That’s ... okay. Not great, not terrible. The ongoing foot problems mean Pujols is essentially a designated hitter at this point -- only 28 of his 152 games came at first base last season -- and last year the average AL DH hit .254/.328/.452 with 26 home runs per 600 plate appearances. The projection systems more or less expect Pujols to be a league average DH in 2017.
The contract is a sunk cost. The Angels owe Pujols all that money no matter what. If he can match the projections and provide power from the middle of the lineup, and make teams pay whenever they pitch around Trout, it should be considered a successful season at this point. Maybe healthy Pujols has one last hurrah in him, a la David Ortiz in 2016 or A-Rod in 2015. That would be pretty fun to watch.
Given Pujols’ age and ongoing lower body injuries -- hitting starts from the ground up, you need a good base underneath you -- the chances of a complete performance collapse in 2017 are much greater than the odds of a return to vintage form. The Angels need Pujols to give them reliable production to contend this summer.
The team defense should be a strength.
I don’t know if the Angels are going to score enough runs to contend or get enough pitching to hang around the postseason race. I am fairly confident they will be one of baseball’s top defensive teams. Cameron Maybin and Ben Revere are big upgrades in left field -- at times last season it felt like the Angels would pluck a fan out of the bleachers and stick him in left, it was a revolving door -- and Danny Espinosa will improve the glovework at second base as well.
Maybin, Revere, and Espinosa join Gold Glovers Kole Calhoun and Andrelton Simmons , and of course Trout has a knack for highlight plays as well. The catching tandem of Carlos Perez and Martin Maldonado might not provide much offense, though they figure to be among the top pitch-framing duos in the game. Those two can really play defense behind the plate. First base is the only glaring weak spot, defensively. As it stands, Anaheim’s list of strengths goes 1) Mike Trout, then 2) defense. They should save their pitchers plenty of hits and runs throughout the season.
Eppler did nice work grabbing Maybin when the Detroit Tigers looked the shed his salary, and also free agent Luis Valbuena when his market collapsed late in the offseason. Here is the lineup manager Mike Scioscia figures to run out there in 2017:
- 3B Yunel Escobar
- RF Kole Calhoun
- CF Mike Trout
- DH Albert Pujols
- 1B C.J. Cron
- LF Cameron Maybin
- 2B Danny Espinosa
- SS Andrelton Simmons
- C Carlos Perez
Bench: C Martin Maldonado, UTIL Luis Valbuena, IF Cliff Pennington , OF Ben Revere
Valbuena is going to get plenty of at-bats one way or another. At first base, third base, DH, whatever. He’ll be in the lineup quite a bit, especially against right-handed pitchers. The top three spots in that lineup are very strong -- Escobar (108 OPS+ in 2016) and Calhoun (117 OPS+) have very quietly strung together several nice seasons -- while the bottom three are pretty sketchy.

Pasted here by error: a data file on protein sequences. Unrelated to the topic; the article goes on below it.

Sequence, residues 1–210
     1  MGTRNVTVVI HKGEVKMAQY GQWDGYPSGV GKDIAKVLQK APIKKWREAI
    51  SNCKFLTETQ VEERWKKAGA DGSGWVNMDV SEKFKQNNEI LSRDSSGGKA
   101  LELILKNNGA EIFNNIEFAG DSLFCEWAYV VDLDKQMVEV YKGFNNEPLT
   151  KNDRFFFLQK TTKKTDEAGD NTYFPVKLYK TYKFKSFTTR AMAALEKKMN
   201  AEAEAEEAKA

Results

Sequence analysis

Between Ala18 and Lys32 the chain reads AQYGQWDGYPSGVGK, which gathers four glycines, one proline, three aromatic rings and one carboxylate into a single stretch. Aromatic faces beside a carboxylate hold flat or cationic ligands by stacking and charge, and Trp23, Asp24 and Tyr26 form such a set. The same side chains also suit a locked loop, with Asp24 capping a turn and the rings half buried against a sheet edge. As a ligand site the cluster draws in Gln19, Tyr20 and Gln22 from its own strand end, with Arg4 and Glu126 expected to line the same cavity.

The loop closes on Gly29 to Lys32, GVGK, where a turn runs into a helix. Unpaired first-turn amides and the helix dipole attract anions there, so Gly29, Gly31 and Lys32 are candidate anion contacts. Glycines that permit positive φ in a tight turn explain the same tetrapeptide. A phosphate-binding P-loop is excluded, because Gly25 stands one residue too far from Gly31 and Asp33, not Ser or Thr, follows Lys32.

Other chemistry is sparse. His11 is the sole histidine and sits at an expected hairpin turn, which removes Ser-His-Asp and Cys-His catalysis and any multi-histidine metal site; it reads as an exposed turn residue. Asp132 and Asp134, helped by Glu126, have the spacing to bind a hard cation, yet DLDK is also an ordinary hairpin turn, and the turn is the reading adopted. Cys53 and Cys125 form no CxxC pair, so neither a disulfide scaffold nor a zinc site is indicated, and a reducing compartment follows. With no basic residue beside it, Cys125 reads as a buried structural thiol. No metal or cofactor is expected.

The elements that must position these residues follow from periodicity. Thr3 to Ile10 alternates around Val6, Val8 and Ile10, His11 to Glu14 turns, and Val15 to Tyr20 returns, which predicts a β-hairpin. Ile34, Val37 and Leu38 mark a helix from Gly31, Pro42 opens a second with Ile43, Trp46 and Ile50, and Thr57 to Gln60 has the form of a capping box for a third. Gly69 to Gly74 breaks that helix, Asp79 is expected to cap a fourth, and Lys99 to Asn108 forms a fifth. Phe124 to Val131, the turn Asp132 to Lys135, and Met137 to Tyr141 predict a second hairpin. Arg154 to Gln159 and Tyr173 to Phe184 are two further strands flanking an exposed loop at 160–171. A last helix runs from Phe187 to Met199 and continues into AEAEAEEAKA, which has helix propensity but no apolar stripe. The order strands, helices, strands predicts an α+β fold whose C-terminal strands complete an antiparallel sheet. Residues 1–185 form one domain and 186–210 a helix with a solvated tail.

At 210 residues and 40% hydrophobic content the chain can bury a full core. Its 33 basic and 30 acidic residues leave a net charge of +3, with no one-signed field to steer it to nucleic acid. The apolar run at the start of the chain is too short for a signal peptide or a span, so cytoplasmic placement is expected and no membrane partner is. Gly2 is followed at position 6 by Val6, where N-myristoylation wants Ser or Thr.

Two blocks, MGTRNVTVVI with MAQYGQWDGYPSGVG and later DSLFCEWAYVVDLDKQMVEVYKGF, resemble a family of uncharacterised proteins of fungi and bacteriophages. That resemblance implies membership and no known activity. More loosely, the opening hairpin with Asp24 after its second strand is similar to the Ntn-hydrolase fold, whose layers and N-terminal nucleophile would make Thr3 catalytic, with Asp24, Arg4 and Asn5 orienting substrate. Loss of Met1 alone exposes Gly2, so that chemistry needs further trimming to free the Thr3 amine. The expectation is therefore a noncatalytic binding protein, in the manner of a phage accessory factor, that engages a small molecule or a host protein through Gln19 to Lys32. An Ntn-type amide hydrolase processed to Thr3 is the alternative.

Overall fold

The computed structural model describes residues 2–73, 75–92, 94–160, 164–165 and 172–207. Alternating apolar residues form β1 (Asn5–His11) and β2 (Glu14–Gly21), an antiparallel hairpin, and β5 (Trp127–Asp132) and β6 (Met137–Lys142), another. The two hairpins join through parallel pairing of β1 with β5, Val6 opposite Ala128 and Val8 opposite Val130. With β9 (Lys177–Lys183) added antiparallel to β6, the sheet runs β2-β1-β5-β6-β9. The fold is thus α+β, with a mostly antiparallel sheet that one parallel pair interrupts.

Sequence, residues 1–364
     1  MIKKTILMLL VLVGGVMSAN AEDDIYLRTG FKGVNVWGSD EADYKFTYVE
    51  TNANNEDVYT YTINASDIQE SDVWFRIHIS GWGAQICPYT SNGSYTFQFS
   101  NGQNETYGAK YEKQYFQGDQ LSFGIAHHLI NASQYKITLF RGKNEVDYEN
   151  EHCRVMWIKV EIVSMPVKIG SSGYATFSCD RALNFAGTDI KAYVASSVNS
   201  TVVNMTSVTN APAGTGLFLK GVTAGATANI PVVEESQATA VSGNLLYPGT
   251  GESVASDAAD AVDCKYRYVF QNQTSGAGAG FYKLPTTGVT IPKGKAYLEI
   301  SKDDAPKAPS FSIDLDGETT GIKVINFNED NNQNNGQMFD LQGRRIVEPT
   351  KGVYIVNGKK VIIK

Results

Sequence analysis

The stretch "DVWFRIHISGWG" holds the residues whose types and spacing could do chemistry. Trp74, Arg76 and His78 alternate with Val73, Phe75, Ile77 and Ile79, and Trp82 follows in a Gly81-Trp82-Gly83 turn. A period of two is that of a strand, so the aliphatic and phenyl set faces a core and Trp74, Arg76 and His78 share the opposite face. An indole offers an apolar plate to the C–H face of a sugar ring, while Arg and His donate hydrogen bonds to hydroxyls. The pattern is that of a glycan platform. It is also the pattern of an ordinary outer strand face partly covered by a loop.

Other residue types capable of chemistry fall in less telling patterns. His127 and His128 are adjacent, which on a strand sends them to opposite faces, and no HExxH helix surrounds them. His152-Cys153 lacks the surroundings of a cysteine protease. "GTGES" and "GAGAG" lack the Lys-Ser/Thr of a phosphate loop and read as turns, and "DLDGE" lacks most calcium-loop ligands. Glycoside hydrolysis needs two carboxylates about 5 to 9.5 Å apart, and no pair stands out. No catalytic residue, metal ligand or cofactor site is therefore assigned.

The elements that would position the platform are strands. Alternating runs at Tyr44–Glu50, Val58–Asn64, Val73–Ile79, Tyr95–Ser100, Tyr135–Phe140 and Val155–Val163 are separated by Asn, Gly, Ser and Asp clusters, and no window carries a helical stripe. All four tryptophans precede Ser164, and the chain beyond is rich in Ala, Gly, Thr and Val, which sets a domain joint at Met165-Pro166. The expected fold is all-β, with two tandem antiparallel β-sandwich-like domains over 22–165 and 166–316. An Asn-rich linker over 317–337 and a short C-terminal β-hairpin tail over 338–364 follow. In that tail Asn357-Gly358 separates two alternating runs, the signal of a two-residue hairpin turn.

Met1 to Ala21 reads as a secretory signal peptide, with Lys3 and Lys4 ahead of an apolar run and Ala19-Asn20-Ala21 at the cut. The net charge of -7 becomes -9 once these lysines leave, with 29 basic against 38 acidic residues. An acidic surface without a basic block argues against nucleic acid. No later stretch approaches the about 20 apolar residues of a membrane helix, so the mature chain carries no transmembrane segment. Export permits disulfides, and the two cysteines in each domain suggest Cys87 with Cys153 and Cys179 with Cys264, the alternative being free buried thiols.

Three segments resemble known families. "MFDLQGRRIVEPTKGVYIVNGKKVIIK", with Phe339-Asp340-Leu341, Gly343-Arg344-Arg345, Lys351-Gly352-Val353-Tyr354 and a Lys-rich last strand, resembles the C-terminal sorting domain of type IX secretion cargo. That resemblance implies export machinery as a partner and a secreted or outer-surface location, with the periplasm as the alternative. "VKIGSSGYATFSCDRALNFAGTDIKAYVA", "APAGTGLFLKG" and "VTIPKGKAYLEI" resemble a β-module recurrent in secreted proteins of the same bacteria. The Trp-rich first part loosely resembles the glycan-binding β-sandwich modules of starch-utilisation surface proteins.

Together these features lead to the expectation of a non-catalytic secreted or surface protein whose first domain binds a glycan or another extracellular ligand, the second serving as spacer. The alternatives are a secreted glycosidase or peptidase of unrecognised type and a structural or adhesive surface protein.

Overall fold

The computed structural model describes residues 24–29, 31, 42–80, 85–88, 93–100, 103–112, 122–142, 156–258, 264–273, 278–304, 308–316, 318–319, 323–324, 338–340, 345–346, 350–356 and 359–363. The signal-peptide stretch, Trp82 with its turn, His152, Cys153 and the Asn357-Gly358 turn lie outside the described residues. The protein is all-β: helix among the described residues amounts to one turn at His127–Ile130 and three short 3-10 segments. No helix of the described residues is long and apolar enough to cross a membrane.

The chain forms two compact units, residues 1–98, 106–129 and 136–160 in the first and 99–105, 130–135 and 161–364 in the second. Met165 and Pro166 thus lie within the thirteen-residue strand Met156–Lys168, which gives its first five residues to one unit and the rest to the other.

When you see the lineup laid out like that, it’s easy to understand why Pujols, as well as Cron and Valbuena, are so important to the 2017 Angels. Those players will help provide lineup depth and support to the top three hitters, who will be counted on to provide the bulk of the offense. As amazing as he is, Trout can’t do it all. He needs help.
The Angels will have three potential starting pitchers on the disabled list to start the season. Both Andrew Heaney and Nick Tropeano are rehabbing from Tommy John surgery, and waiver pickup Vicente Campos is coming back from a fractured elbow. Here is Scioscia’s projected starting five:
- RHP Garrett Richards
- RHP Matt Shoemaker
- RHP Ricky Nolasco
- LHP Tyler Skaggs
- RHP Jesse Chavez
There is some sneaky good upside in that rotation. Richards was excellent from 2014-15 before the elbow injury sabotaged his 2016 season. Shoemaker pitched like an ace for four months last year before taking a line drive to the head. Skaggs is still only 25 and he fanned 50 batters in 49 2/3 innings after returning from Tommy John surgery last year.
Of course, there’s also some risk in that rotation. Richards is coming back from his elbow injury and Skaggs’ elbow reconstruction isn’t too in the rear-view mirror either. Chavez is a converted reliever. The Angels aren’t blessed with much rotation depth -- former top prospect Alex Meyer is their No. 6 starter right now -- so they can ill afford to have one or two of their projected starters fail to meet expectations (or get hurt).
Starters are throwing fewer and fewer innings with each passing season, making bullpens that much more important these days. Given the fact the Angels will have to handle Richards and Skaggs carefully following their injuries, they figure to lean on their bullpen more than most teams. Here is their projected relief crew:
- Closer: RHP Huston Street
- Setup: RHP Cam Bedrosian , RHP Andrew Bailey
- Middle: RHP Mike Morin , LHP Jose Alvarez , RHP JC Ramirez
- Long: RHP Yusmeiro Petit
The Angels have optionable arms -- by “optionable arms” I mean pitchers who can be sent back and forth between MLB and Triple-A without going through waivers -- in Brooks Pounders and Greg Mahle , so they’ll be able to swap guys out as necessary. That depth is very important. No team gets through the season using only seven relievers.
Bedrosian was truly excellent last season, throwing 40 1/3 innings with 51 strikeouts and a 1.12 ERA (358 ERA+). Neither Street nor Bailey are the shutdown late-inning relievers they were earlier in their careers, so Bedrosian figures to be Scioscia’s primary high-leverage reliever. When the game is on the line, he’ll be on the mound. Morin has an elite changeup and could earn a more prominent role in 2017.
SportsLine projection: 77-85 (fourth place in the AL West)